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In Liverpool city centre, at the junction of Brownlow Hill and Mount Pleasant, the three screen (215, 130 and 140 seats) Studios 1, 2, 3 were opened by the Star Cinemas group as part of a £1.4m entertainment centre. The otherwise plain exterior featured a tall tower at the junction of the two roads. The auditoriums were very basic, without screen curtains, stage or proscenium, but with bold colour schemes and comfortable seating. Projection was provided by Westar 7000s, with Westrex sound and Towers long running system. The opening programmes, on 9th October 1975, were “Confessions of a Window Cleaner” starring Robin Askwith, and Mel Brooks “Blazing Saddles”, “Emmanuelle” starring Sylvia Kristel, and “Secrets of a Door-to-Door Salesman” with Brendan Price and Karen Boyes; and kung-fu biopic “The Legend of Bruce Lee”. Struggling to obtain leading first run films, the Studios 1, 2, 3 soon increased their ‘X’ certificate screenings.
In February 1985 the lease was acquired by Dinoheath Ltd, owned by Anne Robertson Devlin, Rik Prowse and Robin Price. They undertook a major refurbishment, changed the name to Ritz Cinema and programmed re-runs of successful general release films coupled with ‘art house’, limited release, attractions. The Ritz Cinema opened on 11th February 1985 with “The Missionary” starring Michael Palin, and “Privates on Parade”, with Michael Elphick; Jeremy Irons in “Swann in Love”; and adult double bill “The World is Full of Married Men” and “The Story of Linda”. Dinoheath Ltd. struggled on until March 1988, when the lease was acquired by two employees, T. Cartwright, the chief projectionist, and Mrs J. Johnstone, who formed Run Trend Ltd. They invested £8,000 in redecorating and reseating, but only lasted four months, with the lease terminating, followed by closure in August 1988.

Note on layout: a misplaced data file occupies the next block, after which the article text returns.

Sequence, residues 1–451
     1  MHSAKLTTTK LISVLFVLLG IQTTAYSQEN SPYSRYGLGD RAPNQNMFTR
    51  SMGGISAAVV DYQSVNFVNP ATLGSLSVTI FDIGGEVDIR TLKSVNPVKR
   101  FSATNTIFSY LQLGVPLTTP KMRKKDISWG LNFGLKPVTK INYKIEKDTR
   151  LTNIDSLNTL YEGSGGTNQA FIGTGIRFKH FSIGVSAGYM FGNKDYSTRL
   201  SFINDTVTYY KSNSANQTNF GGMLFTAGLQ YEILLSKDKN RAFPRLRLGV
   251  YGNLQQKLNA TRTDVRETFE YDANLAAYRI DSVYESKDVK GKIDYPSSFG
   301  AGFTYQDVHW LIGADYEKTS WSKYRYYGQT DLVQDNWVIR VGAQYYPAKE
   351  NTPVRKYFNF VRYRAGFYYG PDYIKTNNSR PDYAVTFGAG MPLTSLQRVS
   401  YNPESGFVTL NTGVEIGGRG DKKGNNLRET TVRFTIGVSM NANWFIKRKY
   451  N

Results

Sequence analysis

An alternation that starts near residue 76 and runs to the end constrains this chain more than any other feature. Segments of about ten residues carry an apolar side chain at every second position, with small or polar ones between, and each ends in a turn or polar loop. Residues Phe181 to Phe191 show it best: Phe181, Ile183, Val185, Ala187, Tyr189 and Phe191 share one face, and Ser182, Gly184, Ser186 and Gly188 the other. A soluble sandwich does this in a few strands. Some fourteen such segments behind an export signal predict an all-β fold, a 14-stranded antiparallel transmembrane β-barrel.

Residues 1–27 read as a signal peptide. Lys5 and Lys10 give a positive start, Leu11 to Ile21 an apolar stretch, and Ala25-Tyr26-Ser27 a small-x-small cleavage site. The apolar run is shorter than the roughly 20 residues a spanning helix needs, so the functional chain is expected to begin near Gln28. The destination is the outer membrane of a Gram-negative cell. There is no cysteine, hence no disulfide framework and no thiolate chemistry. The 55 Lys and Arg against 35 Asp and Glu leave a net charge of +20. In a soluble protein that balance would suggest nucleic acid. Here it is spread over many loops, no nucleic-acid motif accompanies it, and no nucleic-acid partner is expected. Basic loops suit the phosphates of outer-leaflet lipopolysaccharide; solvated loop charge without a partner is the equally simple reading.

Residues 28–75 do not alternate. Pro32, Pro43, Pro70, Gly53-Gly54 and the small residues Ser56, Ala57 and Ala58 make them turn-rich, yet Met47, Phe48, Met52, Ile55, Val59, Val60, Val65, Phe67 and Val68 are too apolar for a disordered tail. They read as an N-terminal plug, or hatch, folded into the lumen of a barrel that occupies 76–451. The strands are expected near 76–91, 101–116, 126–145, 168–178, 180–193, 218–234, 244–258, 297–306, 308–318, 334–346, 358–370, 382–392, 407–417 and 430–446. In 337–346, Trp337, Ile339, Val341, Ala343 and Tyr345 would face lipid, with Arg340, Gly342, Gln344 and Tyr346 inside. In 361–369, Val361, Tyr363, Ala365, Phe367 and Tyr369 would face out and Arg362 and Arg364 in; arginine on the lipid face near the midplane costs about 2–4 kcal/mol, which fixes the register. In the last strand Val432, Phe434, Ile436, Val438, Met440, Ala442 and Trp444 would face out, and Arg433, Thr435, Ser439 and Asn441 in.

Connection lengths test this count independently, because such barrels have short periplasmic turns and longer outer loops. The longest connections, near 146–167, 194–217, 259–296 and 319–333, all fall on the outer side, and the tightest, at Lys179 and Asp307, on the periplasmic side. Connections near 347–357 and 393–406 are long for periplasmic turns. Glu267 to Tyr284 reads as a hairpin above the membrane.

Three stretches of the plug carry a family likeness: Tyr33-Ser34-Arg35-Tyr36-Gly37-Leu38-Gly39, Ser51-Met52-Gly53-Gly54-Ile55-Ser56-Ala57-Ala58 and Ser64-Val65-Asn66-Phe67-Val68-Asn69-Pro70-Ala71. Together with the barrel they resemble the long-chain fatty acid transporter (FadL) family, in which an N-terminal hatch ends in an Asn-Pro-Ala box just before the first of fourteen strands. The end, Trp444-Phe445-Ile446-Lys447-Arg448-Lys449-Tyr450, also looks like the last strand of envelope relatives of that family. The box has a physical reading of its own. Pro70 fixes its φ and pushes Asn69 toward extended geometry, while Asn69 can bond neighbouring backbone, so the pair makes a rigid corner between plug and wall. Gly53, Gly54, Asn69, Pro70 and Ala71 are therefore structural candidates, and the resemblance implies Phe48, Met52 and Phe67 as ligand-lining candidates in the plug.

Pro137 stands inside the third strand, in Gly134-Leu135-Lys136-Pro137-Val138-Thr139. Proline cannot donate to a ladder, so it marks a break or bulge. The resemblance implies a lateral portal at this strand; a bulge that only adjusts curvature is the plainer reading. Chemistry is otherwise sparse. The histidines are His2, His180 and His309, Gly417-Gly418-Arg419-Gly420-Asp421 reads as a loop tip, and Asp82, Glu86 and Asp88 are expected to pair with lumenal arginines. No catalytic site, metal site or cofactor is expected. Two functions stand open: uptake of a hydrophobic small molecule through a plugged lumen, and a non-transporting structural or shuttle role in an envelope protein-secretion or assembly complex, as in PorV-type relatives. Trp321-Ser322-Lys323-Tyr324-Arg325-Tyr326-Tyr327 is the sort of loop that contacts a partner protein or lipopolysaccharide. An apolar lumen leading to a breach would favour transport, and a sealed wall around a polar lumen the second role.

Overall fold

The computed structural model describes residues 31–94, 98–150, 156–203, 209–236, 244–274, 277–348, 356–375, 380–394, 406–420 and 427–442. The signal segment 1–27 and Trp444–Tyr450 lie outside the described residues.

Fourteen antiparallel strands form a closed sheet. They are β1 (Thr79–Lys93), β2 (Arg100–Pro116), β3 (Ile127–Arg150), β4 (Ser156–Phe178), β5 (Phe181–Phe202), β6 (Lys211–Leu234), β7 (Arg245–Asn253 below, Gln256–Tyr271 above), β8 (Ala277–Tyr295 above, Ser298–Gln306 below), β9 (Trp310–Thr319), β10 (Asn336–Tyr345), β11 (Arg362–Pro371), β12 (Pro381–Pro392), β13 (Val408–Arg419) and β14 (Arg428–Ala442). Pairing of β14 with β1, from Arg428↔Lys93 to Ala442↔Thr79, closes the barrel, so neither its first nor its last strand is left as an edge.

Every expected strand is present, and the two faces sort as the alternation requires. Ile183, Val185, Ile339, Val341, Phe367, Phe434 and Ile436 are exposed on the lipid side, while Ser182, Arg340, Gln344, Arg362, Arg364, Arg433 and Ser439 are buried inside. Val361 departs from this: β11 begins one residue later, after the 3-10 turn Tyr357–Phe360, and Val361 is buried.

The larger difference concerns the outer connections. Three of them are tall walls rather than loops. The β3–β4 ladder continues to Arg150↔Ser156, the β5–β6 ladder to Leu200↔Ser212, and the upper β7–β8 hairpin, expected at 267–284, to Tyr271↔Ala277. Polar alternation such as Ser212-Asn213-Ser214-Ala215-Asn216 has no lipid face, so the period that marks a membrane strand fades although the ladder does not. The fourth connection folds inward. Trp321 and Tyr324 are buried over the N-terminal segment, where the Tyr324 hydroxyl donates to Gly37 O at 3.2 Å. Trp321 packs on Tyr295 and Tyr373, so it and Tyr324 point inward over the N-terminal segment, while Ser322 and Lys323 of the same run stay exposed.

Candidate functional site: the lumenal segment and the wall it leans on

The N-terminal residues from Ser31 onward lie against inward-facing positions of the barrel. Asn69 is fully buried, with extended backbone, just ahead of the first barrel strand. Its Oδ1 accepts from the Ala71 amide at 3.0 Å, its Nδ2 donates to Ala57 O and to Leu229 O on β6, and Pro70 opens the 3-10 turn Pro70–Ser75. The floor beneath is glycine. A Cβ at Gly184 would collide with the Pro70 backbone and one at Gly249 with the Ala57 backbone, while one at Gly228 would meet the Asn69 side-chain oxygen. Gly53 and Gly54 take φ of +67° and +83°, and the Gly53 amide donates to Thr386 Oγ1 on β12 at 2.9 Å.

In 1991 the cinemas were taken over by London-based Robins Cinemas, attracted by the large student population and the outcry that followed closure. Following further refurbishment the cinemas reopened, now called 051 (as the wider entertainment centre was by then called – ‘051’ was the telephone dialling prefix for Liverpool) on 15th October 1993 with Ken Loach’s “Raining Stones”, Spanish satire “Accion Mutante” and cult favourite “Reservoir Dogs”. But the supposedly ‘film-starved’ movie buffs failed to materialise, losses continued, and Robins Cinemas withdrew just two years later, in October 1995. An agreement between staff and the landlord saw the cinema reopening, rent free, in November 1995. But this, too, was very short-lived, and the cinemas closed for good on 25th September 1997.
In February 1999, when my photographs were taken, the centre was open for non-film activities – with the small “Robins Cinema” sign a reminder of that part of its cinematic past.
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